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From China, Reverence
This article by Nicole Plett was published in U.S. 1 Newspaper on March 24, 1999. All rights reserved.
They were known as "dragon bones" and for
centuries farmers in the Anyang region of central China had been regularly
turning them up with their ploughs.
The bones, many incised with blackened markings, had value for these
rural folk. They could be sold to apothecary shops where they were
ground up as potent ingredients in the preparation of traditional
Chinese medicines. It was not until the 1930s that facts came to replace
the millennia-old fiction and these "dragon bones" were identified
as artifacts almost ancient enough to belong to a time when dragons
roamed the earth.
With inscriptions dating from about 1300 B.C., these "dragon bones"
were in fact the divining oracles, used by the priests of the royal
court of the ancient Shang dynasty. Working with shoulder blades of
deer and oxen, and the carapaces of tortoises, the priest drilled
the bone with a hot poker. The appearance of the crack that appeared
on the bone surface, as well as the sound made in the process, provided
answers to the priests questions.
These oracle bones, on which cracks were defined, incised, and interpreted
by the elite priesthood, represent the earliest examples of Chinese
written language. The evolved forms of their script-like characters
can still be recognized in written Chinese scripts. Today the Chinese
written language, uniform across the nation, unites a huge population
where a multitude of spoken dialects render the verbal forms unintelligible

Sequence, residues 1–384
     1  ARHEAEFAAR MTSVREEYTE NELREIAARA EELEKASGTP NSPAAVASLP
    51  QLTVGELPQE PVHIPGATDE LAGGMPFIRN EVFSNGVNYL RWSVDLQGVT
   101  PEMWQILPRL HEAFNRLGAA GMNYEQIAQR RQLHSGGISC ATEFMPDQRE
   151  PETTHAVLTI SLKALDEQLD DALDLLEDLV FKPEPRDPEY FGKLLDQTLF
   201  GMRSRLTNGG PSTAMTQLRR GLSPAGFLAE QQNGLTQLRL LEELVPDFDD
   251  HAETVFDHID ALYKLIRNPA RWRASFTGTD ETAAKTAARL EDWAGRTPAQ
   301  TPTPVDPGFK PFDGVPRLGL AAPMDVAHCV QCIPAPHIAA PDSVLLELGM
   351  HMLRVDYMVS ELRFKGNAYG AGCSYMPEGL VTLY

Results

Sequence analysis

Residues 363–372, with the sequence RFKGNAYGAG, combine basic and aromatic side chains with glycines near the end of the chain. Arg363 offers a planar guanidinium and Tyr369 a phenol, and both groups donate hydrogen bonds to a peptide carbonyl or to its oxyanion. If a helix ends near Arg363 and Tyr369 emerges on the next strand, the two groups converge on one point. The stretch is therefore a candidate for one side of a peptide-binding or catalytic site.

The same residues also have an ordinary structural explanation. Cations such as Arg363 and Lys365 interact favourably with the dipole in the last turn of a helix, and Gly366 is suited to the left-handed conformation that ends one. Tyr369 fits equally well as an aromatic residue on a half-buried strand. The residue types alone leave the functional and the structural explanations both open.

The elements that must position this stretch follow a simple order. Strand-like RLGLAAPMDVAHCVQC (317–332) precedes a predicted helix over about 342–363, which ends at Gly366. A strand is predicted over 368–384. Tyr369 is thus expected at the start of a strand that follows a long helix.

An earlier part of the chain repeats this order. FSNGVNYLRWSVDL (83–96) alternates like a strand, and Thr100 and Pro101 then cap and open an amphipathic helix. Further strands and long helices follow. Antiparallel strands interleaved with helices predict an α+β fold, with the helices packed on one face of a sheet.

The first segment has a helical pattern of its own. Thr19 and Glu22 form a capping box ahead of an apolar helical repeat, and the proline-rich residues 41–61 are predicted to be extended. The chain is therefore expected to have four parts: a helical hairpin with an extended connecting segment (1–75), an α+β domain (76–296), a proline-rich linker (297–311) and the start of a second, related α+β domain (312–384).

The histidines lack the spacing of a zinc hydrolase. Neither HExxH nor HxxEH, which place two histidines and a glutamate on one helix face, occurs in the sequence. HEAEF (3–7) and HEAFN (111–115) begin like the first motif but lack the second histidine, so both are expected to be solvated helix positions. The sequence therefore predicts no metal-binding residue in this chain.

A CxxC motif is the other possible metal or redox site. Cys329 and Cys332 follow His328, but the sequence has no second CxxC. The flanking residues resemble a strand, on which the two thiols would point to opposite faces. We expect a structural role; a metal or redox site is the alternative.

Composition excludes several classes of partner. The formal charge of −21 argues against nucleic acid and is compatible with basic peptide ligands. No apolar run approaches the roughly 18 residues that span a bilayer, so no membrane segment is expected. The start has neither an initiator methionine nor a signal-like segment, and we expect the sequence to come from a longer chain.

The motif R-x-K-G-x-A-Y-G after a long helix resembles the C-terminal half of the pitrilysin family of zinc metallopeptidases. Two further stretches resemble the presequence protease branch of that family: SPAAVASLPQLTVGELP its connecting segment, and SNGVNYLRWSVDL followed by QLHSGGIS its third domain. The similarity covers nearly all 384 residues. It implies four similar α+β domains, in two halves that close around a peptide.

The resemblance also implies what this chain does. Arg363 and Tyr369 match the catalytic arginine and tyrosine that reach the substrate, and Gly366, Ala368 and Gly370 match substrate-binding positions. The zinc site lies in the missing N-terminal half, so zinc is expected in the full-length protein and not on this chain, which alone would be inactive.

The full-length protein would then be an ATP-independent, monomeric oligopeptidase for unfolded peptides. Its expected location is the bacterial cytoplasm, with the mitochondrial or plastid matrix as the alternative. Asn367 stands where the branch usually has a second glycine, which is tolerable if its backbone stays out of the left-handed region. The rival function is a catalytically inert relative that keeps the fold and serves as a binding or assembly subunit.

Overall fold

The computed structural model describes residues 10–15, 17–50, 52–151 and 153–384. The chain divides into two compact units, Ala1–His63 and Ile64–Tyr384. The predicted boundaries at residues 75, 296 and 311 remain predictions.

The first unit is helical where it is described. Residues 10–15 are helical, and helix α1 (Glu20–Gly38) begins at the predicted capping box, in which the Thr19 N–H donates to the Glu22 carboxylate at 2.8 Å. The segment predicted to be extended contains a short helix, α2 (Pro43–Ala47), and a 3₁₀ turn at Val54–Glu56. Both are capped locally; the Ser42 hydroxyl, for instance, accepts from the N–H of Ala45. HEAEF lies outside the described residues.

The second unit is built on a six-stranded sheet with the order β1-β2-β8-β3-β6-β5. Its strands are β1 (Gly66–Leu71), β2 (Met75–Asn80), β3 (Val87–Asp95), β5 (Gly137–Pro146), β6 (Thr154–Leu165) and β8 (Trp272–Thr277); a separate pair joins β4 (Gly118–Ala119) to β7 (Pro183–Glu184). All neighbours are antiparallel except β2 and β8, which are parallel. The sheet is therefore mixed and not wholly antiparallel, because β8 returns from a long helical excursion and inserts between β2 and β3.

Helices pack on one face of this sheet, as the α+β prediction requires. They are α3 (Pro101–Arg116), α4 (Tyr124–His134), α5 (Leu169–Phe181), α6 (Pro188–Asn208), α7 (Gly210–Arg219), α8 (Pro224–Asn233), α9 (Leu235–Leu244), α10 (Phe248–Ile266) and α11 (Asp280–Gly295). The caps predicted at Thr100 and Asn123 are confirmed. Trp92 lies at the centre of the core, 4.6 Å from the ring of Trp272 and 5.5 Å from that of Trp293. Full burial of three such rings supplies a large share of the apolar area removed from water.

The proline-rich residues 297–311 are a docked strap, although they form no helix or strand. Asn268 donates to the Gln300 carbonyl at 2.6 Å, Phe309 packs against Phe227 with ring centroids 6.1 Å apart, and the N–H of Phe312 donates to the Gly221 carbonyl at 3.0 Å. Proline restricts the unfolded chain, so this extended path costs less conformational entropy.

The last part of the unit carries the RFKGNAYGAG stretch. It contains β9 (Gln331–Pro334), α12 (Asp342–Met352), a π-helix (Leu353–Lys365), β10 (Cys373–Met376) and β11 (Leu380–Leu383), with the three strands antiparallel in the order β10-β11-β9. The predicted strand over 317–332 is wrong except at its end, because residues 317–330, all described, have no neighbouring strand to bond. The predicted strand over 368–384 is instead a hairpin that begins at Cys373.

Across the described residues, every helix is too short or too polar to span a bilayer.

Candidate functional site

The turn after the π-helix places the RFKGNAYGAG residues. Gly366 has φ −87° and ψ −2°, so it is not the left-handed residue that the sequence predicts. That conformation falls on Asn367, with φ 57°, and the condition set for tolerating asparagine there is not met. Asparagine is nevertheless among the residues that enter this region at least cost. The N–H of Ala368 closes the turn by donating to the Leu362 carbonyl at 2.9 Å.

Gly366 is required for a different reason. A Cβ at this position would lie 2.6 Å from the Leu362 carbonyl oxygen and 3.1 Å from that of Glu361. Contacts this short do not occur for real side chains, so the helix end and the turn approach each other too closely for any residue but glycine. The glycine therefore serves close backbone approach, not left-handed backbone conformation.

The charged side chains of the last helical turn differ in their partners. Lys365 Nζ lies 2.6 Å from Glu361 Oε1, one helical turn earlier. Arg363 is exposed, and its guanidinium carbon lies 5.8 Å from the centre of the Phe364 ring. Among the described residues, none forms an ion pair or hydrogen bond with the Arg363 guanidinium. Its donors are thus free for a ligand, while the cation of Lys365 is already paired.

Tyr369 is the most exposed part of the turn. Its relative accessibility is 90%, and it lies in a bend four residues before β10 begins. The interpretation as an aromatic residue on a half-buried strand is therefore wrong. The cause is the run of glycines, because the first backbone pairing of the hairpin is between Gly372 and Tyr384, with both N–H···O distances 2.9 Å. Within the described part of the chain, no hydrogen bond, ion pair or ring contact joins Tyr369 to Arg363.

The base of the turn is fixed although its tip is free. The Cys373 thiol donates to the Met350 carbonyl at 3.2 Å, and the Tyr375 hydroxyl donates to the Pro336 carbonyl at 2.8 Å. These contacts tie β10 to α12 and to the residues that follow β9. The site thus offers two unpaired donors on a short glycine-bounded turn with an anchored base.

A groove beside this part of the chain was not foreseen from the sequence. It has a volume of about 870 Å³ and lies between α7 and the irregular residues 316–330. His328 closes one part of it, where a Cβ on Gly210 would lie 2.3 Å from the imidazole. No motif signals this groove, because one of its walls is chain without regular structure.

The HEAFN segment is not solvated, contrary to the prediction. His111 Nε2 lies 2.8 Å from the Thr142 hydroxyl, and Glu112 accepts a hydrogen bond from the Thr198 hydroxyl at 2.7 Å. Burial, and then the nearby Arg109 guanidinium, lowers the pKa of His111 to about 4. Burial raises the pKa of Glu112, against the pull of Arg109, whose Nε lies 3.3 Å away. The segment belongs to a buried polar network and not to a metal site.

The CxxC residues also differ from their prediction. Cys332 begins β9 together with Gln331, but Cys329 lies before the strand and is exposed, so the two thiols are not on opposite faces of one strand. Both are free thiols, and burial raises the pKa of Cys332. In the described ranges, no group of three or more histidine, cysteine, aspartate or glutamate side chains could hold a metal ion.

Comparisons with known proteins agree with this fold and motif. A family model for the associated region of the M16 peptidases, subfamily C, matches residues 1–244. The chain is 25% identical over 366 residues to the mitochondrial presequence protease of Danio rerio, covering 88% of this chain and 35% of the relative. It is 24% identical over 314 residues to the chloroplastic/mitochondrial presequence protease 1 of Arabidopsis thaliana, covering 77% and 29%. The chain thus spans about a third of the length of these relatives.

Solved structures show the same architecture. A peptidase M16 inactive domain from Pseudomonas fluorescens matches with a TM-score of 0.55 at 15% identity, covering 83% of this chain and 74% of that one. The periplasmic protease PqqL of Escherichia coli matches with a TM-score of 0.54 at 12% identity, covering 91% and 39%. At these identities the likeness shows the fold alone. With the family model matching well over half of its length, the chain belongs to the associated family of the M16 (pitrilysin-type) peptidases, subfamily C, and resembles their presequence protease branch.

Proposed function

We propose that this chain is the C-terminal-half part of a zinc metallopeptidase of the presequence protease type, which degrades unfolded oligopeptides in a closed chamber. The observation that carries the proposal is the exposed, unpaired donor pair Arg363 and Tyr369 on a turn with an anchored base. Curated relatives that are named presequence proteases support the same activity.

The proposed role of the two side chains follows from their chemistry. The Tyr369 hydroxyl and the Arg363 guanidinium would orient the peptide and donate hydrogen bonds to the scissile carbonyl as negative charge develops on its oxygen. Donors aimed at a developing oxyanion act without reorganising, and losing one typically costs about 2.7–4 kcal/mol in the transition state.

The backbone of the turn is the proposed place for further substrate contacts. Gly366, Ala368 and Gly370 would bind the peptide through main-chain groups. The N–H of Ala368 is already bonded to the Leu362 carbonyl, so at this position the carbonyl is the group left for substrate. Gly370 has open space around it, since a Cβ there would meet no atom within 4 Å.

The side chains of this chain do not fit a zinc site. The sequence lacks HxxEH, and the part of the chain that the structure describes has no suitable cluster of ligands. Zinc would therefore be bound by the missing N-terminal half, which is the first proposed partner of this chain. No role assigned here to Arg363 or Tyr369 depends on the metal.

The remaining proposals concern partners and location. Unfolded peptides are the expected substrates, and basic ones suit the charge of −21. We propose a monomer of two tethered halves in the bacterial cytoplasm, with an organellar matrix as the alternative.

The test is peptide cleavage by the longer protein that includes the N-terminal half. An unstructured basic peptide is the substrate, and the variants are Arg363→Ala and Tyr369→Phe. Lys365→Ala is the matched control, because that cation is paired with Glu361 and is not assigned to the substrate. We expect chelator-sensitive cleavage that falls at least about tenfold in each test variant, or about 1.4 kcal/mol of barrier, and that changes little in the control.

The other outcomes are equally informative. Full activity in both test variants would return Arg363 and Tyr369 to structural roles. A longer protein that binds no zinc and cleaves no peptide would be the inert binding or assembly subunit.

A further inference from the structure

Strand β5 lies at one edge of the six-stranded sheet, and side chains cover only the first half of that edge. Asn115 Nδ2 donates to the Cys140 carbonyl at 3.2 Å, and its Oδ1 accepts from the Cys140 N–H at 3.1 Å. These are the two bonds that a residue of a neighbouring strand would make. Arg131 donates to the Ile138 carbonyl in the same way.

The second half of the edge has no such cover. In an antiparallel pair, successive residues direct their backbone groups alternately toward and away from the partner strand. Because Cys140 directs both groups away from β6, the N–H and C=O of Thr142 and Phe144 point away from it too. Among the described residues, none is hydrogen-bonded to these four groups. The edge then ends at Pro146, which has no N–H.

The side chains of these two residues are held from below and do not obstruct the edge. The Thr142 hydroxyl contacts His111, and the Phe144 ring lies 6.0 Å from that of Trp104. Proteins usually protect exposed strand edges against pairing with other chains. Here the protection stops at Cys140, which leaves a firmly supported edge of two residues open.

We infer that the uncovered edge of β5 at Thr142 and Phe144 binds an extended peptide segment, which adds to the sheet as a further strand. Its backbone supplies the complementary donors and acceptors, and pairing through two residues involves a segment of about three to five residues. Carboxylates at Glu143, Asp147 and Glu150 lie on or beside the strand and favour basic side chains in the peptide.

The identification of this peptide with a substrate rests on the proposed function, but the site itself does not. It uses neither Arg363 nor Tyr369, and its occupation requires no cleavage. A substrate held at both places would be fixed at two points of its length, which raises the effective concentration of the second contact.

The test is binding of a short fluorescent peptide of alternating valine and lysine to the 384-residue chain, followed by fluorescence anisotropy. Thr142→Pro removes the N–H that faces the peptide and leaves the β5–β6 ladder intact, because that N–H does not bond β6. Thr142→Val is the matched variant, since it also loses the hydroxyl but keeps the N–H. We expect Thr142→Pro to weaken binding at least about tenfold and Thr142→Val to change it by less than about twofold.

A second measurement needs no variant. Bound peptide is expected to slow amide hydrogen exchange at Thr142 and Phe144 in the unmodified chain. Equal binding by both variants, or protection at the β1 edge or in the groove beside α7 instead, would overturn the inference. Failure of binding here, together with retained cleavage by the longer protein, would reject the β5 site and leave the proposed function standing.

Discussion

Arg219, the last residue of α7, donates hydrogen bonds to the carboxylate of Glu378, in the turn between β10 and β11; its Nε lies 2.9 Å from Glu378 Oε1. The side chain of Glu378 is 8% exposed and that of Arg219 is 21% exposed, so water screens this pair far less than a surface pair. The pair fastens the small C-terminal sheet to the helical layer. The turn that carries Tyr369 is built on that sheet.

one to the other.
An ancient oracle bone, in this case a tortoise carapace, is among
the startling features of "The Embodied Image: Chinese Calligraphy
from the John B. Elliott Collection," a new exhibition that is
being billed as a landmark contribution to the understanding of Chinese
calligraphy and civilization, that opens at the Art Museum, Princeton
University, on Saturday, March 27.
The exhibition features 55 major examples of Chinese calligraphy ranging
in date from the 3rd century to the modern period, many of which have
never been published and will be on view for the first time. Works
are drawn from the collection of John B. Elliott in the Art Museum,
holdings that date from the 4th through the 20th century, together
with works on loan from the Metropolitan Museum of Art, the Gest Oriental
Library, and private collections.
Standing in the show’s first gallery where written documents are outnumbered
by early, three-dimensional examples of Chinese calligraphy, curator
Cary Y. Liu discusses the challenges of presenting Chinese calligraphy
to a Western audience. Liu is one of three curators who have put together
this show. Sharing the curatorial tasks are Dora C.Y. Ching, project
coordinator, and guest curator Robert E. Harrist Jr., Columbia University
professor of art and archaeology.
Although the show will attract Chinese scholars from the United States
and abroad, the curators set the stage for the newcomer to calligraphy
with ancient objects that create a cultural context for the art form
and its place in its native culture. The show, spreading over four
galleries, also sets up a dialogue between monumental, public calligraphy
and more intimate writing forms.
Close by the oracle bone, and contributing to the historical
context for this dazzling display of centuries of calligrapher’s art,
the show opens with two Neolithic pots, each decorated with sophisticated
geometric designs applied with brush and pigment. From the most distant
past, the brushwork on these pots displays the vitality and rhythm
that would so characterize Chinese art — and most particularly
calligraphy — down through the ages.
Ritual bronze vessels were another early repository for written expression.
Two examples of ancient Shang dynasty bronze work display both a pictographic
expression of eyes, and a bronze inscription, cast with the vessel,
which, like any trophy, describes how it was cast as a reward for
the recipient’s military service.
A modest stone stele also stands in the first gallery. Through imposing
physical form and association with the power of state, religion, and
family, the stele acquired a unique importance in China as a bearer
of engraved writing. Represented in photographic form only is an inscribed